Commentary has posted the article by Amir Taheri, “The Real Iraq,” that I discussed yesterday. Taheri compares the Iraq of today to the one he has known over the past 40 years by looking at five leading indicators. Each supports his view that the country has made extraordinary progress in just a few years.
The first indicator is refugees. During bad times, Iraqis have fled, or attempted to flee, the country en masse. Since the toppling of Saddam Hussein, however, more than 1.2 million Iraqis have returned. Yet our MSM fixates on the relatively small number of Iraqis who have moved from one location in Iraq to another due to sectarian violence.
The second indicator is pilgrimages. From 1991 to 2003, there were virtually no pilgrimages to the religious shrines in Karbala and Najaf. In 2005, these sites received an estimate 12 million pilgrims. Moreover, the return of 3,000 Shiite clerics from exile has helped re-establish Najaf as a center of religious learning. As such, it provides an alterative to Qom in Iran where a radical and highly politicized version of Shiism is taught. By contrast, Najah provides for the study of more traditional quietist forms of the religion.
The next indicator is the value of the Iraqi dinar. It was in free-fall during the last years of Saddam. Today, it is rising against the Kuwaiti dinar, the Iranian rial, and for that matter, the U.S. dollar (which is not to express any opinion on whether our readers should invest in this currency).
Fourth, Taheri focuses on the level of activity by small and medium size businesses. In the past, he says, whenever things have gone downhill in Iraq, large numbers of such enterprises have simply shut down. Since liberation, however, the private sector is booming. According to Taheri, the IMF and World Bank have found the Iraqi economy to be outperforming all others in the region (Taheri relies on comparisons between 2003 and 2004 — understandable because later data apparently is not available, but potentially misleading, perhaps, due to the fact that a full-scale war occurred in 2003).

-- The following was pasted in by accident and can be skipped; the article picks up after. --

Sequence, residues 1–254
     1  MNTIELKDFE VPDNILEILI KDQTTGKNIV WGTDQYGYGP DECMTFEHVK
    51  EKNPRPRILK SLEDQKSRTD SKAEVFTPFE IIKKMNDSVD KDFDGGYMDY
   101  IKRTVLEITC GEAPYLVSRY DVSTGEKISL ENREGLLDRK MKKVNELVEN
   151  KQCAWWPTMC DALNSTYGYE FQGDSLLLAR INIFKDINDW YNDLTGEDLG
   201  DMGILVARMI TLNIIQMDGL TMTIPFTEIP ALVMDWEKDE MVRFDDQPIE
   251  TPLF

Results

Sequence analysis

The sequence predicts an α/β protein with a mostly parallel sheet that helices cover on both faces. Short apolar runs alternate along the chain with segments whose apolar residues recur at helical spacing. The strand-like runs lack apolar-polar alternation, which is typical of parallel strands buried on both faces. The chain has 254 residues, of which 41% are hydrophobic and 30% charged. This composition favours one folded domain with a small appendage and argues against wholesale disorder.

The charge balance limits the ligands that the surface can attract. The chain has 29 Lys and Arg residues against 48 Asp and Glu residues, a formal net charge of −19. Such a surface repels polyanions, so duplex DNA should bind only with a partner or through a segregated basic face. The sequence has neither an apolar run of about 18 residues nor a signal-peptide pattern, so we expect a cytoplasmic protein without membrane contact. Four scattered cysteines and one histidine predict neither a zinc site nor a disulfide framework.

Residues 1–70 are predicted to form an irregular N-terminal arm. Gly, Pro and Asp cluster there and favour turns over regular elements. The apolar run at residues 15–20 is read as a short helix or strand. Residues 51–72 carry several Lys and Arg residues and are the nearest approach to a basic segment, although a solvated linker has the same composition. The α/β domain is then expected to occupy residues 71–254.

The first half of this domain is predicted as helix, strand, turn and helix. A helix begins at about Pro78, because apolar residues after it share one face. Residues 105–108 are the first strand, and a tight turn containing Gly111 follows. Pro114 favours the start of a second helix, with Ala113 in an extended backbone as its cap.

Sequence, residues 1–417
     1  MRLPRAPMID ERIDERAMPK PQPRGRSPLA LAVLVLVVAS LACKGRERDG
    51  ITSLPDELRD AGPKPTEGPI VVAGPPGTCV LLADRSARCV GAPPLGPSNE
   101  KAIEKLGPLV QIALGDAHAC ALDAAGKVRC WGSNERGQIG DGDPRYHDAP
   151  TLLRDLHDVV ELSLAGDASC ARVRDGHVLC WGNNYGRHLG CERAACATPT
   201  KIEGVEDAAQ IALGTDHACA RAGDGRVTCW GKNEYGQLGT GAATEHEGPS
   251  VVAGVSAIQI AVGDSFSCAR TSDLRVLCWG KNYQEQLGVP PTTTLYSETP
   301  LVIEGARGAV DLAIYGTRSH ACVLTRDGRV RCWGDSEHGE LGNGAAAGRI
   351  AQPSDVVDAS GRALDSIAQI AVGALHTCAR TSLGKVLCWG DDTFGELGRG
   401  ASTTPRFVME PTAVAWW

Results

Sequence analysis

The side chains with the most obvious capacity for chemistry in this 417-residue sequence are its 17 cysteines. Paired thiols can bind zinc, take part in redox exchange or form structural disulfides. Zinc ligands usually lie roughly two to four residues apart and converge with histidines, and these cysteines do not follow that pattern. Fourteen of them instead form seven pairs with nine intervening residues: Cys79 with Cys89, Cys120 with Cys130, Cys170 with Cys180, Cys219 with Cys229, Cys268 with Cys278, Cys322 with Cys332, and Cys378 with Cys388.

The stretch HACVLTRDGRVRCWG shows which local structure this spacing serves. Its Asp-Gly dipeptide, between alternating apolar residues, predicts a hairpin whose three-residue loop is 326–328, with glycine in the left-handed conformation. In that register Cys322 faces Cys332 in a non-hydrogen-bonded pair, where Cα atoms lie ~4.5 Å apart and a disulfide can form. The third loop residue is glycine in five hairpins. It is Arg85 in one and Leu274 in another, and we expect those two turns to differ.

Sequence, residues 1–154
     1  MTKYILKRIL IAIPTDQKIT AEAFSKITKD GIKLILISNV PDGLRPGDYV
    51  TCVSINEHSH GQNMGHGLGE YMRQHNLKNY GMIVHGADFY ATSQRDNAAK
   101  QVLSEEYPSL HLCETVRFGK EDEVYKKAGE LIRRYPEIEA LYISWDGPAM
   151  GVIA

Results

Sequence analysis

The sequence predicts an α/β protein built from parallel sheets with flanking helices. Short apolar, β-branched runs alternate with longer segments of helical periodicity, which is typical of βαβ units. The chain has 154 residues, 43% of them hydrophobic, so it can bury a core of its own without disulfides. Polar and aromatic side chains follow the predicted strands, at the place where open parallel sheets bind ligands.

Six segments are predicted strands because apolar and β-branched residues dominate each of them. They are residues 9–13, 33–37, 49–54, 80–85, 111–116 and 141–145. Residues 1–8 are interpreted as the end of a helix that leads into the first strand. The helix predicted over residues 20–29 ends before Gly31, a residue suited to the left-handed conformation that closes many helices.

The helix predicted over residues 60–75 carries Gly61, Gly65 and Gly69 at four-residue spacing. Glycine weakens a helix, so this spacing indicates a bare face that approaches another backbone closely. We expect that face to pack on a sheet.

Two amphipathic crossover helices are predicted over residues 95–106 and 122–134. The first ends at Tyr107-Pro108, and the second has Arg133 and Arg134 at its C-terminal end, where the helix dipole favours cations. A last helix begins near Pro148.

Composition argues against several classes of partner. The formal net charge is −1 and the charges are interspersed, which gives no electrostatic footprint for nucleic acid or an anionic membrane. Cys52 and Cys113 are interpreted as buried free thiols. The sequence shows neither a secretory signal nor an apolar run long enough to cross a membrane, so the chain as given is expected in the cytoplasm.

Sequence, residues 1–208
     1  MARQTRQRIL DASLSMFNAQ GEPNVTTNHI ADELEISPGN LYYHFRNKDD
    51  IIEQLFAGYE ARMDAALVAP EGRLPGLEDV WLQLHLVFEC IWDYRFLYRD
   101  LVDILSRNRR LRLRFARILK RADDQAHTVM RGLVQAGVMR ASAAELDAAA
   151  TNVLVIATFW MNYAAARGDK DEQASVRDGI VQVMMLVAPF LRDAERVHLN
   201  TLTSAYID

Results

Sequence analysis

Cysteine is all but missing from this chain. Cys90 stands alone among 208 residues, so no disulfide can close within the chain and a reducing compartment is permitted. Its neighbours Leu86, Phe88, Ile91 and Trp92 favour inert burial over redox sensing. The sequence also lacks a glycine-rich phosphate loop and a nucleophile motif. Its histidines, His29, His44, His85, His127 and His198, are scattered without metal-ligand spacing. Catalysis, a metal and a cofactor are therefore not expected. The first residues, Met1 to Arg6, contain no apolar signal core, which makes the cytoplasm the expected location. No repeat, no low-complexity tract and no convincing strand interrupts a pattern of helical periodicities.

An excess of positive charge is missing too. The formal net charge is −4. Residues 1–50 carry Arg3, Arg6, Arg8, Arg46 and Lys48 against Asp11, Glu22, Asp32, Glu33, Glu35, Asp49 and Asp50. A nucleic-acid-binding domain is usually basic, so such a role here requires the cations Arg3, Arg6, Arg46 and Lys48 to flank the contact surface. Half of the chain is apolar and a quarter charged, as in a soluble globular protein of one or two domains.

For the first time since the 1950s, Iraq is exporting foodstuffs to its neighbors. And Taheri notes that even the oil industry, a constant target of the terrorists (to the tune of more than 3,000 attacks and attempts at sabotage), is progressing. Iraq has resumed its membership in OPEC, returned to the world markets as a major exporter, and is projected to meet its full OPEC quota of 2.8 million barrels a day by the end of the year.
Taheri’s final indicator is political speech. Obviously, there was very little of it under Saddam. Today, Iraq has talk radio, talk television, and of course blogs. Taheri also witnessed heated debate in shops, tea houses, bazaars, mosques, offices, and homes. There is also a vast network of independent media, including over 100 privately-owned newspapers and magazines. No place else in the Arab world can match this, though more and more Arabs probably would like to try.
I’ll have more on Taheri’s piece later. But please do read the whole thing.